I could also recommend Humanoids' hardcover album, NOGEGON, about a world existing in perfect symmetry. The focus is on the high concept rather than the cityscaping, but the imagery and architectural detail is just as fantastic.


[Murder Me Dead]David Lapham sets out to draw a comic noir with all the trappings of classic film noir. In that, he succeeds admirably. Most impressive are the visual cues built into the comic. Everything is drawn in a heavy black and white style. There are no ink washes or Photoshop effects. It's all ink work, in pen and brush and whatever tools might happen to be near the drawing board. Gray areas are suggested by crosshatching and close parallel lines filling in spaces. It's not fancy or post-modern. It's good old-fashioned comic book draftsmanship, done with flair and gritty style. Even the lettering is done by hand, in all capital letters with squared off balloons cut to match. Lapham sticks to a grid, mostly two and three tiers per page. There are no "comic book effects" used here. Nobody breaks out of a panel or gets thrown through multiple panels. This is restrained storytelling in the service of a story that needs to maintain its classical noir feel, first and foremost.

The story itself is set in small Los Angeles homes, tight New York apartments, a dirty jail house, jazz clubs, and smoky backrooms. What more do you want? How about an assortment of organized crime hacks, bar room bouncers, rough and ready inmates, smooth musicians, and gruff bartenders?

The story starts with a murder and ends in a firefight. Everything between follows in a logical progression, based heavily on the characterization of its players to dictate their actions from scene to scene. There are twists through the story, but they're not the kind that will make you re-evaluate everything you thought you knew over and over again. The book won't give you a headache or stretch into anything horribly convoluted. It makes sense, and that's a rarity in such storytelling today. As Lapham remarks in his introduction, "Too often today, we think we've become so sophisticated that we mistake clever for complex and reality for truth. A twist is thrown in to fool us whether it makes any sense or not. "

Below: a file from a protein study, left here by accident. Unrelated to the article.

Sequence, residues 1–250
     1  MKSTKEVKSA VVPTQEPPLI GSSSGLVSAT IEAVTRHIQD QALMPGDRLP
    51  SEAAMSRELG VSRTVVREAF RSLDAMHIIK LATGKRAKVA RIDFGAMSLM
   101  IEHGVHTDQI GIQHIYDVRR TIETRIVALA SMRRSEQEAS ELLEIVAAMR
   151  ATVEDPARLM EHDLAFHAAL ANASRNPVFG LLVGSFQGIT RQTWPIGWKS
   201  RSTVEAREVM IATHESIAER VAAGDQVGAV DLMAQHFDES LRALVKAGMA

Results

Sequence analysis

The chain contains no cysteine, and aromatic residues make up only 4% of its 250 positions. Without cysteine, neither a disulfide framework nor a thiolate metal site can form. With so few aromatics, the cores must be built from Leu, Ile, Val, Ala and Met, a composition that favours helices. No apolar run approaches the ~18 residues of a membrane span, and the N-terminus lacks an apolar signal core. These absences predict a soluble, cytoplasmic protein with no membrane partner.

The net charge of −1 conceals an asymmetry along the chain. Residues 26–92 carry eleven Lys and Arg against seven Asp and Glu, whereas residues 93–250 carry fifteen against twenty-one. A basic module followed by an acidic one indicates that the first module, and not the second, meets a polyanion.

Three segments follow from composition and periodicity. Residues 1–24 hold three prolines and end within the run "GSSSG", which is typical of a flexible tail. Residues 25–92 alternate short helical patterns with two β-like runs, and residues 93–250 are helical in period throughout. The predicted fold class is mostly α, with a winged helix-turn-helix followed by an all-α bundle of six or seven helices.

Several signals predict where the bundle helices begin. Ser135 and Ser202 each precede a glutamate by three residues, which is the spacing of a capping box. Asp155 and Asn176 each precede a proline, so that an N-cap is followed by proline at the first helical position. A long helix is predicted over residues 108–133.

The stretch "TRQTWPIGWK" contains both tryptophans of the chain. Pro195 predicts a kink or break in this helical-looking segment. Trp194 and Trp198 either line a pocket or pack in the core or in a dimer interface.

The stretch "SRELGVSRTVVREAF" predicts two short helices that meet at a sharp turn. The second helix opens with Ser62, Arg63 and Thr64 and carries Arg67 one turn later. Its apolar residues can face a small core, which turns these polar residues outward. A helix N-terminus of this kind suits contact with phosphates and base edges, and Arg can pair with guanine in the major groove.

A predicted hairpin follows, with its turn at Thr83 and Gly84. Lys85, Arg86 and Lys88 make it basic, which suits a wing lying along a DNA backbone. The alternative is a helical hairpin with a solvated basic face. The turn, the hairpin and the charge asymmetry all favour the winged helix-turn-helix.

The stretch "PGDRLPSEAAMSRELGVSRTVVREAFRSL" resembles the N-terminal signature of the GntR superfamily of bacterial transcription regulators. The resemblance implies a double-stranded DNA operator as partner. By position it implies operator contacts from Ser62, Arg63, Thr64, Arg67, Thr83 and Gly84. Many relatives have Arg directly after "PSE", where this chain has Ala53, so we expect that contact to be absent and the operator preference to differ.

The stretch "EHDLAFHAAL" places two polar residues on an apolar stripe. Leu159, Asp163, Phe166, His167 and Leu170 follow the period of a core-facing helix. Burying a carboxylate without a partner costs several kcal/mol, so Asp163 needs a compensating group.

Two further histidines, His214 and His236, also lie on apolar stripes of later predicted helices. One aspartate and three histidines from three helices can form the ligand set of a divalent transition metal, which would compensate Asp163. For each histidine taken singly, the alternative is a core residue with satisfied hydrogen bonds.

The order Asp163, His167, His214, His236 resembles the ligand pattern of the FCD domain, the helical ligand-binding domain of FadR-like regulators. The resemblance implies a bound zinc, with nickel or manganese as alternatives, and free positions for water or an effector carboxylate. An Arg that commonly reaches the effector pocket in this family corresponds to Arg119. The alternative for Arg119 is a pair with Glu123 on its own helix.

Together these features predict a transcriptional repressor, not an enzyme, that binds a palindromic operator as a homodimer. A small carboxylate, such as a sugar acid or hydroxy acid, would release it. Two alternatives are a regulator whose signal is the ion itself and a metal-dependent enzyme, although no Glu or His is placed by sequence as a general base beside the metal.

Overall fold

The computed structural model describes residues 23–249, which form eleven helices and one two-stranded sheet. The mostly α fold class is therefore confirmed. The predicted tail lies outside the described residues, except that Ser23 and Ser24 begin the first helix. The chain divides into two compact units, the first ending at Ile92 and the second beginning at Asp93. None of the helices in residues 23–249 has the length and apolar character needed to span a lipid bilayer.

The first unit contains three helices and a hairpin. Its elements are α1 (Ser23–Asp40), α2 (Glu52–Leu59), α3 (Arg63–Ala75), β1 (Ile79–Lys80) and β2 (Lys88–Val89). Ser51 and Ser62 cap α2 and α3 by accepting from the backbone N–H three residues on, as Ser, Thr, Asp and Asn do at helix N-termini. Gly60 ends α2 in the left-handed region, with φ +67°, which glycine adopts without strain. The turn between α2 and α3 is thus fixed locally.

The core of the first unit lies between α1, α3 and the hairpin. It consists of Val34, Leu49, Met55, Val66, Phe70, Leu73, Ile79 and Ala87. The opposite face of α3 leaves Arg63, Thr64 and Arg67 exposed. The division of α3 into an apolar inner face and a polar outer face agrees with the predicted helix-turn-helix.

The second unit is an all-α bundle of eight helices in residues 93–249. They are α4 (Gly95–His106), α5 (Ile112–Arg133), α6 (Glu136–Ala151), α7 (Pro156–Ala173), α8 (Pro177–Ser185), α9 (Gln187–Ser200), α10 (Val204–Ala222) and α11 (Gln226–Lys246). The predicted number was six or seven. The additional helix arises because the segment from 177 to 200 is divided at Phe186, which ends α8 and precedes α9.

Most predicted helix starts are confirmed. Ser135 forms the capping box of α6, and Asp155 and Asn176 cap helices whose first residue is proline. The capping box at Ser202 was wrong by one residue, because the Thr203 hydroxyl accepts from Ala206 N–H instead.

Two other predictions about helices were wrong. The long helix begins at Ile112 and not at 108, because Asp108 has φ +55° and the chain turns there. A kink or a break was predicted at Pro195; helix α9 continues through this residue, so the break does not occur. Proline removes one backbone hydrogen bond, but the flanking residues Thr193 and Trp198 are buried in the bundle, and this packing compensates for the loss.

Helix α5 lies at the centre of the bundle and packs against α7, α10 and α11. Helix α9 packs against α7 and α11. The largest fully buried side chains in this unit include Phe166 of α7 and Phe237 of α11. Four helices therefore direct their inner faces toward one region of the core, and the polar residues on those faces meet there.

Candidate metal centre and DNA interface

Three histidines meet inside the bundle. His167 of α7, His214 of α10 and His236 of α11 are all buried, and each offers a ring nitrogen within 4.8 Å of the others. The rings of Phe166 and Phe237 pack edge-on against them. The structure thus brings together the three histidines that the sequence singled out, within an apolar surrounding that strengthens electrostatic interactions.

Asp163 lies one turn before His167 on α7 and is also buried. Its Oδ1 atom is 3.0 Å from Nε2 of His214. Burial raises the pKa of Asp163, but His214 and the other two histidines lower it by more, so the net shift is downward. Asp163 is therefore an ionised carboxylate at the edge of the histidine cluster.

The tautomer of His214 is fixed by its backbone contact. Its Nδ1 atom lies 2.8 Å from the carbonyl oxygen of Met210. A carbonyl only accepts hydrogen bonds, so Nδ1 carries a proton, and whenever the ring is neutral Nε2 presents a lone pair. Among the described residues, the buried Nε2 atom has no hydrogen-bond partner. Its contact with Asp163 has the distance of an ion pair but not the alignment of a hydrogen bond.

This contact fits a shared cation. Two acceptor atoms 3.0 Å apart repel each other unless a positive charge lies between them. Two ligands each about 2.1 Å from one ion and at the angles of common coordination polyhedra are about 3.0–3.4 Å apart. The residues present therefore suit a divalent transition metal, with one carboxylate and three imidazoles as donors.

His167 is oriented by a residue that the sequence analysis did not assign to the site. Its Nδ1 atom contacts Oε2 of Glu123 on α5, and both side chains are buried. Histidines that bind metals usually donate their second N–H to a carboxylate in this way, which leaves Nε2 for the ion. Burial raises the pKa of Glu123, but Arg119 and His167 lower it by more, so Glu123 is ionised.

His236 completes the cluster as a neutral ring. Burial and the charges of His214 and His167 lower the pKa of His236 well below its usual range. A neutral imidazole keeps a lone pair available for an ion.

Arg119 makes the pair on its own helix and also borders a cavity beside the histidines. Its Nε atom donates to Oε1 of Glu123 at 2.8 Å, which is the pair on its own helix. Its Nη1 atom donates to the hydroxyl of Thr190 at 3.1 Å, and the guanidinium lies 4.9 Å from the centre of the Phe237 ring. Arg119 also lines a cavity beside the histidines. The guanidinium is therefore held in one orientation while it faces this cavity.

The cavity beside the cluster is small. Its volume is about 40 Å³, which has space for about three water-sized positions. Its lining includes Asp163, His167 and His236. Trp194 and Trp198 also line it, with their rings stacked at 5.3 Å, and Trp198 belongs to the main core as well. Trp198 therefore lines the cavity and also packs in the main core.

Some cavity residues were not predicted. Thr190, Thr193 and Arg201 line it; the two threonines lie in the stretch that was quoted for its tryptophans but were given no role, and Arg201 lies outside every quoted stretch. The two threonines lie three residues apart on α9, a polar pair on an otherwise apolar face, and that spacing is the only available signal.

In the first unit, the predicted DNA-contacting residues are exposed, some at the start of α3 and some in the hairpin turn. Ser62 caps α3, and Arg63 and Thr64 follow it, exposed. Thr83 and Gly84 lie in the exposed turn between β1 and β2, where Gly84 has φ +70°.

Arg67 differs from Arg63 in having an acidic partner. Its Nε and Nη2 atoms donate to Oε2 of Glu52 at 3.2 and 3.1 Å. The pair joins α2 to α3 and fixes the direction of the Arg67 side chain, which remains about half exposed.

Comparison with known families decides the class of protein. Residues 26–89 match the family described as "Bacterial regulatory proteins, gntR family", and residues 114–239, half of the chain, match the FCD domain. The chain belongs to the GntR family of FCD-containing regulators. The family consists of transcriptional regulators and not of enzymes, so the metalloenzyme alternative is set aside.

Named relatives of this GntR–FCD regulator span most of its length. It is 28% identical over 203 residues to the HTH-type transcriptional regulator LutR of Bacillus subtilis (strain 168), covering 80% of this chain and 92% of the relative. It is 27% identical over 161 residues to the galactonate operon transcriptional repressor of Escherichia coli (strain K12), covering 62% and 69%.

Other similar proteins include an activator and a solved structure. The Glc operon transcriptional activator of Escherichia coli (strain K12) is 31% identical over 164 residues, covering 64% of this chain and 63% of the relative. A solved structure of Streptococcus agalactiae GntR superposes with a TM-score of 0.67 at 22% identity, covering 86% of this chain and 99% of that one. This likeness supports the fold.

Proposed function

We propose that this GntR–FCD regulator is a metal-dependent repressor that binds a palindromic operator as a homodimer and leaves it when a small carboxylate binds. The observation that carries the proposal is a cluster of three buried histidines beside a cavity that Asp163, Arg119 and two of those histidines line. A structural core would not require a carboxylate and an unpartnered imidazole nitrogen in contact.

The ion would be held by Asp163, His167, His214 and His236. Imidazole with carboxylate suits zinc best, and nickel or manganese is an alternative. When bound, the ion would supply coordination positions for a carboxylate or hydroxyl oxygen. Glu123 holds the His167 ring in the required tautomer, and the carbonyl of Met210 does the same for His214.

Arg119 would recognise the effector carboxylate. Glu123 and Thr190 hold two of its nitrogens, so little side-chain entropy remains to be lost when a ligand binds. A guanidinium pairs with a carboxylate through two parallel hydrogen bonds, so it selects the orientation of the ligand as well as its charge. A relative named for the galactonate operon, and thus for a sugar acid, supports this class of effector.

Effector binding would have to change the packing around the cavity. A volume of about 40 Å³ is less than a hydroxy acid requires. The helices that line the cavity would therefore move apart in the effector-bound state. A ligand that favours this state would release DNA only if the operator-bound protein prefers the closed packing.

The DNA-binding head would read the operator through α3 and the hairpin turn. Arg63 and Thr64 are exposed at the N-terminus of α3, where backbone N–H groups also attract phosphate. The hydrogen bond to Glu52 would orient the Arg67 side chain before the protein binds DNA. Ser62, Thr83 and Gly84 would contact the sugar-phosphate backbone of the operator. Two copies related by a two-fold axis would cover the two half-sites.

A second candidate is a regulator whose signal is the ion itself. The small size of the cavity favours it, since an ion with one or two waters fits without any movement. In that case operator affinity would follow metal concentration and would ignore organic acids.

Here's the simplest plot description I can give without spoiling the book: The wife of our main character, Steven Russell, is found dead in their home. She's rich, and he's the immediate suspect. Her family doesn't like him, and he retreats to an old flame. The question quickly becomes one of what she's hiding and what their new relationship will do to him, as well as the implications it might have in his defense of his wife's apparent suicide. Then things get worse. And worse. And worse. You'll probably want to throttle Steven about halfway through the book for his single-minded dedication and determination, but at least you know what guides him. You know his quest, if you'll forgive the Hollywoodese. The characters, particularly Steven and Tara, are fully fleshed out. Lapham knows them inside and out and that shows. Neither are black or white characters. They've got bad pasts, and aren't always making the best decisions. When the two get together, sparks fly and things get dangerous. Your best bet is to just hang on for the ride.

The cast of characters is fairly limited for a story of this kind of size and scope. You'll have about 6 people to keep track of, and Lapham does a good job at keeping them visually distinct to the comic reader's eye.

The hardcover itself is a nice presentation, with a spare dust jacket and slightly yellow shaded pages to give the book a slightly pulpy feel. There's a short cover gallery in the back and an introductory text page. Aside from that, it's all about the 250-page story. If you don't want to spend the $35 on the hardcover, there's also a much cheaper softcover edition of the story. Both come from El Capitan Books.